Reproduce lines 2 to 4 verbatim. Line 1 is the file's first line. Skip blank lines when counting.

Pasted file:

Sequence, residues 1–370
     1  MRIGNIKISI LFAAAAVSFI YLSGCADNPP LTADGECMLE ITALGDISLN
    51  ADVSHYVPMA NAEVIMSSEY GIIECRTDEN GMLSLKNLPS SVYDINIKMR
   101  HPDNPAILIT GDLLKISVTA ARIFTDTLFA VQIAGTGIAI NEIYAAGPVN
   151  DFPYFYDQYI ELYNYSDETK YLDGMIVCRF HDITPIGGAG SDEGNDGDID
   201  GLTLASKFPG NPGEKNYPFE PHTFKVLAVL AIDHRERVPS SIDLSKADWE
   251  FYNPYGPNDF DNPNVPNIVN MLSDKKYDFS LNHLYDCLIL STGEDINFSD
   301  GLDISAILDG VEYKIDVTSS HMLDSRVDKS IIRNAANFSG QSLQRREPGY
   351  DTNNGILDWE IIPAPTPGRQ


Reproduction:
     1  MRIGNIKISI LFAAAAVSFI YLSGCADNPP LTADGECMLE ITALGDISLN
    51  ADVSHYVPMA NAEVIMSSEY GIIECRTDEN GMLSLKNLPS SVYDINIKMR
   101  HPDNPAILIT GDLLKISVTA ARIFTDTLFA VQIAGTGIAI NEIYAAGPVN